Collective Amnesia at Fundació Joan Miró

The smile of a tear, Joan Miro, 1973

The smile of a tear, Joan Miro, 1973

An international symposium and a workshop about the forgotten shanty towns on Montjuïc opened a space of discussion on the subject of memorials from the perspective of art and contemporary thought.

With Collective Amnesia, it was explored the backside of a key concept of historiography in the last decades, namely “collective memory”, as formulated by Maurice Halbwachs. The “collective amnesia” can be considered to correspond to a formation that is generated in the wake of commemorations and memorials that declare themselves “official.” From Halbwachs’ perspective forgetting, like remembering, is a collective act. According to recent developments in the philosophy of history and contemporary thought, everything that is omitted from the past reveals much more about a given culture than what it registers as history and promotes as collective memory.

Via Favència municipal warehouse, Barcelona, 2011. Photo: Llibert Teixidó. © Llibert Teixidó / La Vanguardia.

Via Favència municipal warehouse, Barcelona, 2011. Photo: Llibert Teixidó. © Llibert Teixidó / La Vanguardia.

Collective Amnesia is conceived as a space for discussion around the intersections that occur between artistic practice and historiography. With the symposium and the workshop, Fundació Miró offered opportunities to debate and collaborate with agents who come from different cultural sectors involved in experimental processes of knowledge production.

The symposium included the participation of experts coming from the fields of artistic practice, historiography and contemporary thought. The workshop, in turn, was focused on the Montjuïc slums, a specific case study directly linked with the site on which the Fundació Joan Miró sits. It is a side of things that the city of Barcelona has tried to forget even though they grew in the wake of what has been championed as the launching platform of urban development in 20th-century Barcelona: the hill of Montjuïc. For the workshop, Fundació Miró counts on the collaboration of a number of groups and organizations from Barcelona that are working on the recovery of the memory of this urban phenomenon.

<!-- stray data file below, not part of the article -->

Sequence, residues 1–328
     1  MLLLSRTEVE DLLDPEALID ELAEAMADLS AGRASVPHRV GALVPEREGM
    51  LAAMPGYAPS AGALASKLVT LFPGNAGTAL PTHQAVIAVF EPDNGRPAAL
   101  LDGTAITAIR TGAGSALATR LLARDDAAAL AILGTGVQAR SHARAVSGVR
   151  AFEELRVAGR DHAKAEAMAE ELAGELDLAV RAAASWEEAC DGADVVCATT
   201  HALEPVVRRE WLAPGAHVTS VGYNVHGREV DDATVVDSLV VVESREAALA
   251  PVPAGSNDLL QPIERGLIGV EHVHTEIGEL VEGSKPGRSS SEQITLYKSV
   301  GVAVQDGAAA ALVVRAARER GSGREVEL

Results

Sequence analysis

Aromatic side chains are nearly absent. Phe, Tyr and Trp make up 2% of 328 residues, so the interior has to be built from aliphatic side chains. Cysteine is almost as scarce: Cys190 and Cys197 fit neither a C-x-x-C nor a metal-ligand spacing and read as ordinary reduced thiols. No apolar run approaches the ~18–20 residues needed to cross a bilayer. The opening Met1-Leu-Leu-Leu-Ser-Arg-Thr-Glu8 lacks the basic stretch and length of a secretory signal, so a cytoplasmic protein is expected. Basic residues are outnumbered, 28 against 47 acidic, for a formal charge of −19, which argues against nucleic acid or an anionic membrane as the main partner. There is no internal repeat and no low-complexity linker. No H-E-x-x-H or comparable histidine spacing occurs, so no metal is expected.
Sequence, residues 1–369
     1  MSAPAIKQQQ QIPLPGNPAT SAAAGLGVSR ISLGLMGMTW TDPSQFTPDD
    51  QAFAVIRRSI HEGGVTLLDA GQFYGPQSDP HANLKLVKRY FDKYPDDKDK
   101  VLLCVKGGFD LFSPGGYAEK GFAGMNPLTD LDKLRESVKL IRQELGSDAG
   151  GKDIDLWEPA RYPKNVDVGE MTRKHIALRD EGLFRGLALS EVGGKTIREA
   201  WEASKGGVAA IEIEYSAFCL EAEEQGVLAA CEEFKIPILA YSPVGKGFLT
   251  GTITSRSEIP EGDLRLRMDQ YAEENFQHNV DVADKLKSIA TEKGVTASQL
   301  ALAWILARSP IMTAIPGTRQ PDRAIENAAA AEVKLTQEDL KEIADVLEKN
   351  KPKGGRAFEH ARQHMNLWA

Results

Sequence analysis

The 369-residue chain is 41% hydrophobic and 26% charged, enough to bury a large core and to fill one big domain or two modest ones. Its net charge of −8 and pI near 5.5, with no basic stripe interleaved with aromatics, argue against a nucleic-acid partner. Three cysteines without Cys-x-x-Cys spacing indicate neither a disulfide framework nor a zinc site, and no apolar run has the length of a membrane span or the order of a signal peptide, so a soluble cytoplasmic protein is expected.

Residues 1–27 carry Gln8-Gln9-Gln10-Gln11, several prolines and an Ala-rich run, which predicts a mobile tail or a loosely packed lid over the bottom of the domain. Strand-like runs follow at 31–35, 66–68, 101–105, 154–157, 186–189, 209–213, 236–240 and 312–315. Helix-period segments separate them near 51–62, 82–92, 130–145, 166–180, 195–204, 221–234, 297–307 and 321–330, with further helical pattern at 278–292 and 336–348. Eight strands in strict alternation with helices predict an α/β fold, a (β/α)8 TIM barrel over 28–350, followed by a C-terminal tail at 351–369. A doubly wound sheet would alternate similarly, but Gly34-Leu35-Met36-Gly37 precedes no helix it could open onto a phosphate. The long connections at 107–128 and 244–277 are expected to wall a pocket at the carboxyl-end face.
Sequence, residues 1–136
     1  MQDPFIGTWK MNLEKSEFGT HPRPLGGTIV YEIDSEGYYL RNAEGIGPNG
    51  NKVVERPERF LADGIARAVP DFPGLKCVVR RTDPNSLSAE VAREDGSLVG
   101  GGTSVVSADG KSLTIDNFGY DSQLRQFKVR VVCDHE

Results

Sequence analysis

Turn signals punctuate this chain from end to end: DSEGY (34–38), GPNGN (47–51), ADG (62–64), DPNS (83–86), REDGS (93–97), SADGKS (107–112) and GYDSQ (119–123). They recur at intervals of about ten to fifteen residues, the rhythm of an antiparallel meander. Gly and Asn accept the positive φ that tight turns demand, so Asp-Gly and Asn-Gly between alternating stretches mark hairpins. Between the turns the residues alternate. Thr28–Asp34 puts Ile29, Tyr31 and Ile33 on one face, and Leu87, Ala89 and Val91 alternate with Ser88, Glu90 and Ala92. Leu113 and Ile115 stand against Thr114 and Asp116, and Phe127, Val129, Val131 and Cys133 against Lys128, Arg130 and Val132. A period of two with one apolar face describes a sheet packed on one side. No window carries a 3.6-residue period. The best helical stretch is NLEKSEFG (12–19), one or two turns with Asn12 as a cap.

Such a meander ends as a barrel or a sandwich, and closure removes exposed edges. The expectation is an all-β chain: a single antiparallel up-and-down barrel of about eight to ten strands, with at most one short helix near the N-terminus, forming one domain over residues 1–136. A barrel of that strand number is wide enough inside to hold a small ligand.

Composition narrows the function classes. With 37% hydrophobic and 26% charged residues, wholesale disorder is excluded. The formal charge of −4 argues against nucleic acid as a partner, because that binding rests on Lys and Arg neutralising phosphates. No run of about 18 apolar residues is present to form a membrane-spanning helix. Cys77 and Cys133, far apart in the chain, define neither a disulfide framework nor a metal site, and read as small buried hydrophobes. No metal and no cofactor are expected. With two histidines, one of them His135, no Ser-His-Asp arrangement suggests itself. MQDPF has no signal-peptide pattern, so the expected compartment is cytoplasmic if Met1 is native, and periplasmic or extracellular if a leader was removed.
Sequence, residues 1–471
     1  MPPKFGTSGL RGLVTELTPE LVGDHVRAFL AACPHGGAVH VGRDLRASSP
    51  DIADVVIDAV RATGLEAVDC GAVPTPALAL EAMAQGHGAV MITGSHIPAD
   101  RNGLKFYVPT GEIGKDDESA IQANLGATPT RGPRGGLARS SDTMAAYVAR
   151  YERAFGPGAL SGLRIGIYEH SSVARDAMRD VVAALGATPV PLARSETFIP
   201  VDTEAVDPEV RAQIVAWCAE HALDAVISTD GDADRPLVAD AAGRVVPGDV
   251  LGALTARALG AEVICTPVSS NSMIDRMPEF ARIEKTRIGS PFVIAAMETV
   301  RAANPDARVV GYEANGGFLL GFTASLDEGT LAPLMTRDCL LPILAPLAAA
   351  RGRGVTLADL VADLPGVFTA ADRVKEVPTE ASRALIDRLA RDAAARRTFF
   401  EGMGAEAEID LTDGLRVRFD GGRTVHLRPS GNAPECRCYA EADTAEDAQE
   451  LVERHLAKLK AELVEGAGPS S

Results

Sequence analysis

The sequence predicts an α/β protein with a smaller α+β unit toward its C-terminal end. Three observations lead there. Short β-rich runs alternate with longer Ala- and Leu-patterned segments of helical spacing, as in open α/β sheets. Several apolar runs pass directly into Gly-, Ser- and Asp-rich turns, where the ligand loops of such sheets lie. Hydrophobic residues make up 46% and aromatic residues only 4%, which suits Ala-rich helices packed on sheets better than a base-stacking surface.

International symposium:

Debate on Contemporary Memorial Culture

July 8 and 9, 4–8:30pm

Fundació Joan Miró’s Library


Miriam Basilio, Associate Professor of Art History and Museum Studies, NYU

Azul Blaseotto, visual artist, (La Dársena Platform) Buenos Aires

Oriol Fontdevila, curator and art critic

María Ruido, visual artist, researcher and cultural producer

Octavi Rofes, anthropologist, professor and Vice President of EINA, Barcelona

Joan Roca, historian and geographer; President of the Museu d’Història de la Ciutat de Barcelona (MUHBA)

Francisco Rubio, art mediator

Enzo Traverso, S. B. Winokur Professor in the Humanities, Cornell University, Ithaca, NY

Workshop in Montjuïc:

Exploring the Informal City

July 9–11, 10am–2pm

Fundació Joan Miró’s Espai Taller

Public Presentation of the workshop’s conclusions:

July 11, 6pm

Plaça del Mig, Can Clos (Barcelona)

With the collaboration of the Centre d’Estudis de Montjuïc, Lúa Coderch, Antonio Gagliano, Valeria Giacomoni, Grupo por el Cambio (Can Clos), Oriol Granados, Imma Jansana, Lola Lasurt, Taller de ficció, Mercè Tatjer, among others.

Joan Miro logoCollective Amnesia is a collaborative project between the Fundació Joan Miró and Tricentenari BCN. It is part of Preventive Archaeology, an exhibition program at Espai 13, the Fundació’s project room for emerging artists.

Coordinated by Oriol Fontdevila and La Fundació

More information can be found at

Attendance earns you one credit hour of an official degree from the UB (Universitat de Barcelona) and UOC (Universitat Oberta de Catalunya).

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